Surround yourself with people who keep their eyes open for new markets to explore and new ways to think about those markets. Pay attention to the entrepreneurs. Wherever there are emerging markets, there are new avenues for products and profits and acquisitions. Jumping into the fray of commerce and all its chaos will help you discover a brave new world of ideas—and companies that just might need a parent company to write them a check.

Don't forget to watch for happy accidents in your business sector...









Brad Szollose

Global Management Consultant

Millennial Expert, Cross Generational Leadership Development & Workforce Performance Strategies, Executive Coach


Brad Szollose (pronounced zolis), is a globally recognized Management Consultant and the foremost authority on Millennials and Cross-Generational Leadership Development Strategies.


TEDX Speaker, Web pioneer and the author of the award-winning, bestseller Liquid Leadership: From Woodstock to Wikipedia, Brad is a former C-level executive of a publicly traded company that he cofounded that went from entrepreneurial start-up to IPO in three years; the first Dot Com Agency to go public on NASDAQ. His company K2 Design, experienced 425% hyper-growth, due in part to a unique management style that won his company the Arthur Andersen NY Enterprise Award for Best Practices in Fostering Innovation.
 
Today the world’s leading business publications seek out Brad’s insights on Millennials, and he has been featured in Forbes, The Huffington Post, New York Magazine, Inc., Advertising Age, The International Business Times, and The Hindu BusinessLine to name a few, along with television, radio and podcast appearances on CBS and other media outlets. 

Brad's programs have transformed a new generation of business leaders, helping them maximize their corporate culture, expectations, productivity, and sales growth in The Information Age. 


* 2011 Axiom Business Book silver medal winner in the leadership

* #1 Amazon Best-Selling Author


"I just had my mind blown..." - A.S., Vistage, New York

Liquid Leadership by Brad Szollose is available at all major bookstores and for Kindle, Nook, iPad and Sony ereaders. Internationally published in India and S. Korea.

Monday, April 11, 2016

Credo 5:
A Leader Leads by Example

Credo #6: A Leader Takes Responsibility

Continuing the Credo for 21st Century Management from Liquid Leadership:


5th Law:
A Liquid Leader Leads by Example


On February 26, 2009, every Starbucks nationwide closed for emergency retraining. Why? Because founder Howard Schultz had ordered it. He’d taken a leave of absence, but upon hearing of slipping sales and a rumor that the company’s baristas weren’t making a decent latte anymore, he not only returned to action but also quickly implemented an emergency retraining program.

And here’s the key point: Schultz didn’t send out a mandate on a memo pad for someone else to implement. He came out of his sabbatical, got personally involved, then got his managers involved, and finally, in the most dramatic way possible, got every single store involved. That’s what Liquid Leadership is about—leading by example. No matter where you fit in an organization, your example is what builds your reputation, your career, and the future of your company.

Leadership in any organization needs to be admired and respected for its success. People secretly sabotage organizations where the leadership isn’t admired; through either cynicism or stealing, the mutually disgruntled will find followers within their own work groups. This energy interferes with success. Leading by example sets a more positive tone.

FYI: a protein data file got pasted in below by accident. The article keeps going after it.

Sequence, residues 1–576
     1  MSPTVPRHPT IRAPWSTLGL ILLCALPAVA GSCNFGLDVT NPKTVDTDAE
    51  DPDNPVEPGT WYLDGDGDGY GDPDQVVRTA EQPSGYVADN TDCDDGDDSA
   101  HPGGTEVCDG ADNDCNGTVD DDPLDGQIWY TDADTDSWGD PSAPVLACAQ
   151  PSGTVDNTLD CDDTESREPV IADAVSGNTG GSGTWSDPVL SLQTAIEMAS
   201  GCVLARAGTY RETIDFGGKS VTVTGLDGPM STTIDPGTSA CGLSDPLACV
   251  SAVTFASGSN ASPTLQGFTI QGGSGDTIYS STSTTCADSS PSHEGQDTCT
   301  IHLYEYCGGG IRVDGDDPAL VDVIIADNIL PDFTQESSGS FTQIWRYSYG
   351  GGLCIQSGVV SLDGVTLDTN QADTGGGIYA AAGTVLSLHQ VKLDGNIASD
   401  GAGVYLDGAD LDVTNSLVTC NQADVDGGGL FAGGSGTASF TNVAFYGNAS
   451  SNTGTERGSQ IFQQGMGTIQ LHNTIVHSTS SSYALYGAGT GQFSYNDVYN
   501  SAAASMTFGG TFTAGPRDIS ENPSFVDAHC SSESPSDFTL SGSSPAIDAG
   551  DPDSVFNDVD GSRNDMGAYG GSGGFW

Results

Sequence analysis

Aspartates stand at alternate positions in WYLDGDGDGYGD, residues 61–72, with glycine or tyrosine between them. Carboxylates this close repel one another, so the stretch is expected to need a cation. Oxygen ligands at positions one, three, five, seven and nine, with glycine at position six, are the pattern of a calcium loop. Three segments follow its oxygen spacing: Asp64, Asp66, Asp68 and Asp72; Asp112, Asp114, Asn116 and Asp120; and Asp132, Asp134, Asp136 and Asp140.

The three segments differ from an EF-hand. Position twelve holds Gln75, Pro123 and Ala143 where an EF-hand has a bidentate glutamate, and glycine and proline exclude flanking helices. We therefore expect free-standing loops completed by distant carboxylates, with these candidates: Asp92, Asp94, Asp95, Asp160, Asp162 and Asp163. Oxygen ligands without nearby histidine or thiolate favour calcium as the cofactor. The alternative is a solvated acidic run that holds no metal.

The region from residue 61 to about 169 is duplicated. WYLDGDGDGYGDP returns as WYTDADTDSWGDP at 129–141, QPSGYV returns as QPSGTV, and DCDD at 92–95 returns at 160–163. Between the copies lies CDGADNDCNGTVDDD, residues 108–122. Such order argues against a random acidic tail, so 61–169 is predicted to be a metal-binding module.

This has always been a touchstone of good leadership, but it’s especially true today. Something remarkable took place over the past twenty-five years: People stopped worshipping the companies they work for and began instead to see themselves as value added to the bottom line, partners in success. Today’s workforce has amazingly high self-esteem and won’t look up to you just because you’ve “earned” the corner office.

And how do you treat a partner? With respect. You can no longer bark orders from the sidelines, expecting employees to jump and obey. Nor can you stay in total isolation, ignoring their needs. Today’s workforce wants their leadership approachable and real.

The only way to engage with your organization is to enroll your people in your vision and then live that vision. In the minds of the people who work for your org, they are the company.

Hubris is out; stewardship and integrity are in.
And please, don’t fake it.


People can smell BS a mile away, and they will run from it. Where cowards blame others for their mistakes, a Liquid Leader is the first to take blame and the last to take credit. Without people to lead, you stand alone.

And do yourself a favor: Mr. Nice Guy doesn’t work either. Being respected is what you want to work on. Believe me, I’ve tried both methods and at the end of the day, people respect those whom they admire.

Time to set the tone...









Brad Szollose

Global Management Consultant

Millennial Expert, Cross Generational Leadership Development & Workforce Performance Strategies, Executive Coach


Brad Szollose (pronounced zolis), is a globally recognized Management Consultant and the foremost authority on Millennials and Cross-Generational Leadership Development Strategies.


TEDX Speaker, Web pioneer and the author of the award-winning, bestseller Liquid Leadership: From Woodstock to Wikipedia, Brad is a former C-level executive of a publicly traded company that he cofounded that went from entrepreneurial start-up to IPO in three years; the first Dot Com Agency to go public on NASDAQ. His company K2 Design, experienced 425% hyper-growth, due in part to a unique management style that won his company the Arthur Andersen NY Enterprise Award for Best Practices in Fostering Innovation.